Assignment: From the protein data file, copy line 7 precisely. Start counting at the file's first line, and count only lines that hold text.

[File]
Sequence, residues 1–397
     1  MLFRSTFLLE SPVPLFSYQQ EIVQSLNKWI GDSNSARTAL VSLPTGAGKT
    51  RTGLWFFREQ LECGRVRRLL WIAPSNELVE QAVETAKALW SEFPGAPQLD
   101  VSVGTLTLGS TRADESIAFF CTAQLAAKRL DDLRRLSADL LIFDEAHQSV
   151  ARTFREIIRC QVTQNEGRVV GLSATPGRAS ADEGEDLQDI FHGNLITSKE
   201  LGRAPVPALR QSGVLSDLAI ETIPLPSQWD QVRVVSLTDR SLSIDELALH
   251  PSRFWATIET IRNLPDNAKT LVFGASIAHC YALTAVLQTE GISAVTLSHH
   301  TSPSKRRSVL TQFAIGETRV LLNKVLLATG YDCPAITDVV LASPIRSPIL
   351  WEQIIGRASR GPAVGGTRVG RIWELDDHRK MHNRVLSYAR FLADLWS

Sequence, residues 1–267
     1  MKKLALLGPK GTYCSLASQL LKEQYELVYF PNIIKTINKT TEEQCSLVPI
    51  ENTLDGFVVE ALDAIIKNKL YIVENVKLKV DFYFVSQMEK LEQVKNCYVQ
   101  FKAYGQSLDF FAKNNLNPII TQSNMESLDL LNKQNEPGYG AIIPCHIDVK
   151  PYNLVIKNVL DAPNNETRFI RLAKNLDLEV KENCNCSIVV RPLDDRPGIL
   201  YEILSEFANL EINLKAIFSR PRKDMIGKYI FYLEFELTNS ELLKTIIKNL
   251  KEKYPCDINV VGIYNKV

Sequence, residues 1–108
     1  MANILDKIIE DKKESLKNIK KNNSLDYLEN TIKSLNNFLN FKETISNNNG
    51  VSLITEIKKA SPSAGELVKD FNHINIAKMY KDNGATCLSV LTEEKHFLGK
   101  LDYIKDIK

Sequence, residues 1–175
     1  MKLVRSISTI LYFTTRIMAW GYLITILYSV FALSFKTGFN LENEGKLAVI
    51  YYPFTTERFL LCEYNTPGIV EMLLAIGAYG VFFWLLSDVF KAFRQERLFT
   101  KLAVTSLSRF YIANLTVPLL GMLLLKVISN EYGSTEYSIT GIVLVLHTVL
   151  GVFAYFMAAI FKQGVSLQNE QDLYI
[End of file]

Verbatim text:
   251  PSRFWATIET IRNLPDNAKT LVFGASIAHC YALTAVLQTE GISAVTLSHH